Copyright | (c) Alberto Ruiz 2006 |
---|---|

License | GPL |

Maintainer | Alberto Ruiz |

Stability | provisional |

Safe Haskell | None |

Language | Haskell98 |

Numerical differentiation.

From the GSL manual: "The functions described in this chapter compute numerical derivatives by finite differencing. An adaptive algorithm is used to find the best choice of finite difference and to estimate the error in the derivative."

# Documentation

:: Double | initial step size |

-> (Double -> Double) | function |

-> Double | point where the derivative is taken |

-> (Double, Double) | result and absolute error |

Adaptive central difference algorithm, *gsl_deriv_central*. For example:

`>>>`

`let deriv = derivCentral 0.01`

`>>>`

(0.7071067812000676,1.0600063101654055e-10)`deriv sin (pi/4)`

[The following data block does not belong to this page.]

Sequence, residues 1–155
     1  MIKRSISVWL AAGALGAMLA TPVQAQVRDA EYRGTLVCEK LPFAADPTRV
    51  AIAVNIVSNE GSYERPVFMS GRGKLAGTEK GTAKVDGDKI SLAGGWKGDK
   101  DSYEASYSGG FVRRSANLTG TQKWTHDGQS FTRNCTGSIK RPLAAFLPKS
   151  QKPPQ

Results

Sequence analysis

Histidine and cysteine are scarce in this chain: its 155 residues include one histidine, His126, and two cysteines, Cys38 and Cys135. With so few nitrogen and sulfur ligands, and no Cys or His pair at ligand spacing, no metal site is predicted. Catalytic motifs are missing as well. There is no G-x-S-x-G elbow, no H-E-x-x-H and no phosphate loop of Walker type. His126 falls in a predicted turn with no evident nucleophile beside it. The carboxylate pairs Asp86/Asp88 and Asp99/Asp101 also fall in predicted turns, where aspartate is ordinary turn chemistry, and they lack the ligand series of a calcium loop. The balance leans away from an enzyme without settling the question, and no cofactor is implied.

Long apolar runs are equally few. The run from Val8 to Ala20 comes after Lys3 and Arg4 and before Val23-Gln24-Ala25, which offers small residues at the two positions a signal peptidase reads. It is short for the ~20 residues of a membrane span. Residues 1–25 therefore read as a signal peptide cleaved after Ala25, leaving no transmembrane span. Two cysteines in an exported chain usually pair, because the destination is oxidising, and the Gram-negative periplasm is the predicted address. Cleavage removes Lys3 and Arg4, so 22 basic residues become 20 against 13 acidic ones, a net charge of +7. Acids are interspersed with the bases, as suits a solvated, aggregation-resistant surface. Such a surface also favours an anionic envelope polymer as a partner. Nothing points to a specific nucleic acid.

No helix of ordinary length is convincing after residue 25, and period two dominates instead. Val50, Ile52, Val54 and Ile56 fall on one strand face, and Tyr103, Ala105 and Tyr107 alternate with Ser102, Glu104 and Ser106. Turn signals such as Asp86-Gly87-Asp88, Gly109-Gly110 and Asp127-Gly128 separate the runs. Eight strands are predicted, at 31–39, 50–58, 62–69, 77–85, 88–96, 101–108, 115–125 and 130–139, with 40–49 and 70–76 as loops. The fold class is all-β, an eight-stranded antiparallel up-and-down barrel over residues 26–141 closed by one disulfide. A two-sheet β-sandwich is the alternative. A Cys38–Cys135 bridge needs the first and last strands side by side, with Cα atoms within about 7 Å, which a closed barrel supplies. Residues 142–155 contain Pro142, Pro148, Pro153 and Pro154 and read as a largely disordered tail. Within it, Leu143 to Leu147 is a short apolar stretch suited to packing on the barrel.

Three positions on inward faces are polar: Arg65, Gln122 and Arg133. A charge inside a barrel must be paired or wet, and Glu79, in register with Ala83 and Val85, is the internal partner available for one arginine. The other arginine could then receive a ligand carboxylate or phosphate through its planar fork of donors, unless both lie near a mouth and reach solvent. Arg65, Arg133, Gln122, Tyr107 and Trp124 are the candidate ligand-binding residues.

`>>>`

0.7071067811865476`cos (pi/4)`

:: Double | initial step size |

-> (Double -> Double) | function |

-> Double | point where the derivative is taken |

-> (Double, Double) | result and absolute error |

Adaptive forward difference algorithm, *gsl_deriv_forward*. The function is evaluated only at points greater than x, and never at x itself. The derivative is returned in result and an estimate of its absolute error is returned in abserr. This function should be used if f(x) has a discontinuity at x, or is undefined for values less than x. A backward derivative can be obtained using a negative step.